An examination of Bandinelli’s sculptural and graphic oeuvre confirms that the present relief was indeed carved by a sculptor who was well versed in Bandinelli’s style, very possibly one of his students. The marble exhibits the same shallow relief carving seen in Bandinelli’s panels with prophets and saints for the choir-screen in the Duomo, Florence: figures clad in stylised drapes are similarly presented, frieze-like, pressed against the plane, their feet treading along moulded edges. The conception of Hercules in the present relief also corresponds with figures in Bandinelli’s wider oeuvre, broadly following the heavily muscled Farnese type: compare with his crouched Hercules seen in a dynamic wax sketch for the Hercules and Cacus, in the Staatliche Museen, Berlin (Viatte, op. cit., fig. 39). However, it is unlikely that Vincenzo de' Rossi was responsible for the present marble, despite his position as one of Bandinelli's principal students. Whilst the Cooper Union Museum drawing includes a three-dimensional group of a similar (though not identical) composition, the final marble de’ Rossi produced, which is now in the Palazzo Vecchio (see Utz, op. cit., fig. 7), is very different in conception, involving an enormous Antaeus whose left arm is raised above his head, whilst his foot touches the ground. Moreover, the present composition is far from unique, appearing, with various differences, in several sculptural, graphic and numismatic sources (as is explained below). It is also important to note that Vincenzo de’ Rossi was an inventive, often violent sculptor, who dared to depart from his master’s style. De’ Rossi’s groups for his Fountain of the Twelve Labours of Hercules-Sol are more overtly Mannerist in conception, with flowing, elongated forms and dynamic movements. In contrast, the present relief is demonstrably closer to the late works of Baccio Bandinelli, in particular his panels from the Duomo.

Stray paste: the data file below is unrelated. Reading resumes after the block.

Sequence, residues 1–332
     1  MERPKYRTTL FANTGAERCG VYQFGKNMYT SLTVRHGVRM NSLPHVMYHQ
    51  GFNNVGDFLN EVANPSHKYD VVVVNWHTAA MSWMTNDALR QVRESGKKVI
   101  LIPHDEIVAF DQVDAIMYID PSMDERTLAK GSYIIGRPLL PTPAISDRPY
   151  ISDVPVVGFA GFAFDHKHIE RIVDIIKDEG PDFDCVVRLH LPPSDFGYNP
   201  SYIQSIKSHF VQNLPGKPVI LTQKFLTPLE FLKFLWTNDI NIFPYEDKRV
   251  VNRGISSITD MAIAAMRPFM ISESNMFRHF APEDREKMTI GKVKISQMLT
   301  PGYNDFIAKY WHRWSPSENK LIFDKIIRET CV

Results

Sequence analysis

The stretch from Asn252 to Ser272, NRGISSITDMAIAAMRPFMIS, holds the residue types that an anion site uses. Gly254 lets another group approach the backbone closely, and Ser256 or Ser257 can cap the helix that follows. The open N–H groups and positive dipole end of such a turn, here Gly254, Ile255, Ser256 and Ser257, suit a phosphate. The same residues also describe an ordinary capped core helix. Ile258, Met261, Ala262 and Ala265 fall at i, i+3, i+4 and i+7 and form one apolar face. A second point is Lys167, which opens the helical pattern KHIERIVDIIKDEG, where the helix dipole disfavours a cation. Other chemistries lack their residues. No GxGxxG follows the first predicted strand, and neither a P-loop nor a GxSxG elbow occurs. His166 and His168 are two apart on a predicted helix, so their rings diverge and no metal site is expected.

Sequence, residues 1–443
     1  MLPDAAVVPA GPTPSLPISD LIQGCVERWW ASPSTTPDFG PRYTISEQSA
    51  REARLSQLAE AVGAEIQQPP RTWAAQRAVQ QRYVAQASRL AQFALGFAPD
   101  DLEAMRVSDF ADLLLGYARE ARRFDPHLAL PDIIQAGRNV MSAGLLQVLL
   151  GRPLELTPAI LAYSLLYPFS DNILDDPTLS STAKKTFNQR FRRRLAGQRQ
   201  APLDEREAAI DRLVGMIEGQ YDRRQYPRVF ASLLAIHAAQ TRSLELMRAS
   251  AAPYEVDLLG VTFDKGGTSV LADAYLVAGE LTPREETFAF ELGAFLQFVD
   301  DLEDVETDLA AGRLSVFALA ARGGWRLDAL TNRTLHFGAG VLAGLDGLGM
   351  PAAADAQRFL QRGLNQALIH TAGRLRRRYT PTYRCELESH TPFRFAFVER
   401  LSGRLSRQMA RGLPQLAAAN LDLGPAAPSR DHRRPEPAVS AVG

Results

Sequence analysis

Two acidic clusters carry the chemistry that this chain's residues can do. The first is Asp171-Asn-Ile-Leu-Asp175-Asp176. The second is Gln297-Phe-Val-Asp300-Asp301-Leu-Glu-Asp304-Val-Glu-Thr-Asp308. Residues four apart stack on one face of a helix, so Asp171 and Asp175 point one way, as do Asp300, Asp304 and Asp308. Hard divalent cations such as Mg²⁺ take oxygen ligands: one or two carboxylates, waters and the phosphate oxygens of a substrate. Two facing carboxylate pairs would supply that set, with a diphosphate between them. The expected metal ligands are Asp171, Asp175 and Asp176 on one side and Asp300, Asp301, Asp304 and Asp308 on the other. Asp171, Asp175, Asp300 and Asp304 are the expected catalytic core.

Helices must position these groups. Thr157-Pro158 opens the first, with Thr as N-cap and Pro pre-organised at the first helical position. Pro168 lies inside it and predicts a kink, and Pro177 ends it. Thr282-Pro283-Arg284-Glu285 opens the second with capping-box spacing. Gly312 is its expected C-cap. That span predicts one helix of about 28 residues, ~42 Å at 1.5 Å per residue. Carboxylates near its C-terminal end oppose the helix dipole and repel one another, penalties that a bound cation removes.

A more likely candidate would be Giovanni Bandini (1540-1599), who worked under Bandinelli towards the end of his life, and completed the Duomo choir-screen commission after the latter’s death in 1560. Bandini’s panels, which are more schematic in conception, with broader swags of drapery, are arguably closer to the present relief than his master’s. Compare also with Bandini’s Presentazione di Maria al tempio and his Sposalizio, both in Santa Maria Novella, Florence, which similarly exhibit fine low relief carving, in which figures tread across an outer ledge, like actors on a stage. It is also interesting to note that Bandini was himself responsible for a monumental statue of Hercules (slaying the Hydra of Lerna), which he created for Giovanni Niccolini (1544-1611), one of his most important patrons, in the 1570’s (Heikamp, op. cit.). The group was originally installed in the family palazzo in the Via dei Servi in Florence, and was eventually removed to the Villa Niccolini at Camugliano in circa 1824, where it remains to this day. No mention is made of a base in the family records, but it seems just as possible that the present relief could have been made for the base of this statue as for Vincenzo de’ Rossi’s fountain.